Surface topography of acetylcholinesterase in Langmuir and Langmuir-Blodgett films

Leila Dziri, Salah Boussaad, Shaopeng Wang, Roger M. Leblanc

Research output: Contribution to journalArticle

16 Citations (Scopus)

Abstract

The surface topography of the enzyme acetylcholinesterase was studied at the air/aqueous and the air/solid interfaces using the Brewster angle and the atomic force microscopies, respectively. Surface potentials of the enzyme monolayer have been measured in conjunction with the surface pressure. The surface potential and the surface dipole moment data show that the orientation of the molecular dipoles occurs before the orientation of the hydrophobic groups of the acetylcholinesterase monolayer. The variations of the surface potential observed at large molecular area suggest the presence of domains in the film. The Brewster angle images confirm the formation of domains at the air/aqueous interface. The size of these domains increases with decreasing the molecular area. Furthermore, the Brewster angle microscopy allowed us to detect a reversible formation of the domains upon the compression and the decompression of the monolayer. On the other hand, the atomic force microscope images of the Langmuir-Blodgett films show that the enzyme molecules are more close-packed at a surface pressure of 25 mN/m than at 20 mN/m. Size measurements of the enzyme particles indicate that acetylcholinesterase has an ellipsoidal shape and that the tetramer form of this enzyme is the most abundant.

Original languageEnglish (US)
Pages (from-to)6741-6748
Number of pages8
JournalJournal of Physical Chemistry B
Volume101
Issue number34
StatePublished - Aug 21 1997
Externally publishedYes

Fingerprint

Langmuir Blodgett films
Surface topography
Acetylcholinesterase
Langmuir-Blodgett films
enzymes
topography
Enzymes
Brewster angle
Surface potential
Monolayers
air
Air
pressure reduction
Dipole moment
Atomic force microscopy
Microscopic examination
dipole moments
Microscopes
microscopes
atomic force microscopy

ASJC Scopus subject areas

  • Physical and Theoretical Chemistry
  • Engineering(all)

Cite this

Surface topography of acetylcholinesterase in Langmuir and Langmuir-Blodgett films. / Dziri, Leila; Boussaad, Salah; Wang, Shaopeng; Leblanc, Roger M.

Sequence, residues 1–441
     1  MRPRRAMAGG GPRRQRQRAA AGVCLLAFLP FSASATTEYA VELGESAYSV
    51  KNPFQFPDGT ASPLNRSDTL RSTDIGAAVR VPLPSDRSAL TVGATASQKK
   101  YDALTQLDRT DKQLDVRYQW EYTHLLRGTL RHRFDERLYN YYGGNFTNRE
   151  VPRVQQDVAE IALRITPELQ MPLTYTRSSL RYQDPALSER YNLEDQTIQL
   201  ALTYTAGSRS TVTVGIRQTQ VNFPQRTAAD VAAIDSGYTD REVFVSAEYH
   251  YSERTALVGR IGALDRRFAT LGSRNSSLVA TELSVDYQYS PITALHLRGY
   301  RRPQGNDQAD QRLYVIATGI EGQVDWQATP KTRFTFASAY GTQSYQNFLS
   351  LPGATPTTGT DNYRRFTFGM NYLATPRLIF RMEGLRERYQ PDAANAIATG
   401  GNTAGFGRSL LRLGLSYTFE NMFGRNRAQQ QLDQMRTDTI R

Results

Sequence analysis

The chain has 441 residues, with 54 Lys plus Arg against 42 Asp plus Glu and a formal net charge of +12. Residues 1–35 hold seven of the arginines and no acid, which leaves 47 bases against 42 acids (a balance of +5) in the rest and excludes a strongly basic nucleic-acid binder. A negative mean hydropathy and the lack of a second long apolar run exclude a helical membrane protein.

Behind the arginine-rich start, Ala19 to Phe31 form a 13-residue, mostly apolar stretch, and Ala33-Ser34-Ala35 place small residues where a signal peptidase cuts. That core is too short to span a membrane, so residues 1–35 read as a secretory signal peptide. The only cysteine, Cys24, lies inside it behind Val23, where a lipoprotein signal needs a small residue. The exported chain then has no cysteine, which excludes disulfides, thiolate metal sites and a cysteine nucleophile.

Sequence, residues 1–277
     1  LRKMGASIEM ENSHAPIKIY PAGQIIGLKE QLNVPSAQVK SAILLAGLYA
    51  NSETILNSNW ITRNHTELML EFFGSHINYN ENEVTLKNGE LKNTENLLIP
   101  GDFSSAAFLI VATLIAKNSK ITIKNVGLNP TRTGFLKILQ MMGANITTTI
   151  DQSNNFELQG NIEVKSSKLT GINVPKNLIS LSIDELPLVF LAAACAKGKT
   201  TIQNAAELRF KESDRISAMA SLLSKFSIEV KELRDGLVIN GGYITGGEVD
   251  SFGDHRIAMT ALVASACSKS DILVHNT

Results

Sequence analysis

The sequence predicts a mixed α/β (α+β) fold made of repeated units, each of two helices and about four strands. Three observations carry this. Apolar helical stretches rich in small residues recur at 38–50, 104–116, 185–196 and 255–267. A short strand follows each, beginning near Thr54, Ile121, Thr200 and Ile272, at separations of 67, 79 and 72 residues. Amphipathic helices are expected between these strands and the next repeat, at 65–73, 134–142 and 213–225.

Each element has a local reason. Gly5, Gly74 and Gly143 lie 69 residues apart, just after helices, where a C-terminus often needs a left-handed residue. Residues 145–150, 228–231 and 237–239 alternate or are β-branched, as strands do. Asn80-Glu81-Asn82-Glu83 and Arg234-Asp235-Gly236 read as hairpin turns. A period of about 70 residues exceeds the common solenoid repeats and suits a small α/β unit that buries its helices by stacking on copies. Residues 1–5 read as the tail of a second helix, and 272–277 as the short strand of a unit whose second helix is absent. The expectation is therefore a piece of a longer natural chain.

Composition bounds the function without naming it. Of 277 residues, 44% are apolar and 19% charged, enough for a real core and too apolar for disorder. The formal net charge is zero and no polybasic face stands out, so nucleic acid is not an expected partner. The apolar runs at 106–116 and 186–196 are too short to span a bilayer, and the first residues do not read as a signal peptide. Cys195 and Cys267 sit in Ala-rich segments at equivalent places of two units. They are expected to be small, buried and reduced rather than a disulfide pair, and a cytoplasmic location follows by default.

In: Journal of Physical Chemistry B, Vol. 101, No. 34, 21.08.1997, p. 6741-6748.

Research output: Contribution to journalArticle

Dziri, Leila ; Boussaad, Salah ; Wang, Shaopeng ; Leblanc, Roger M. / Surface topography of acetylcholinesterase in Langmuir and Langmuir-Blodgett films. In: Journal of Physical Chemistry B. 1997 ; Vol. 101, No. 34. pp. 6741-6748.
@article{04491ce79c04460e909cec5307f31deb,
title = "Surface topography of acetylcholinesterase in Langmuir and Langmuir-Blodgett films",
abstract = "The surface topography of the enzyme acetylcholinesterase was studied at the air/aqueous and the air/solid interfaces using the Brewster angle and the atomic force microscopies, respectively. Surface potentials of the enzyme monolayer have been measured in conjunction with the surface pressure. The surface potential and the surface dipole moment data show that the orientation of the molecular dipoles occurs before the orientation of the hydrophobic groups of the acetylcholinesterase monolayer. The variations of the surface potential observed at large molecular area suggest the presence of domains in the film. The Brewster angle images confirm the formation of domains at the air/aqueous interface. The size of these domains increases with decreasing the molecular area. Furthermore, the Brewster angle microscopy allowed us to detect a reversible formation of the domains upon the compression and the decompression of the monolayer. On the other hand, the atomic force microscope images of the Langmuir-Blodgett films show that the enzyme molecules are more close-packed at a surface pressure of 25 mN/m than at 20 mN/m. Size measurements of the enzyme particles indicate that acetylcholinesterase has an ellipsoidal shape and that the tetramer form of this enzyme is the most abundant.",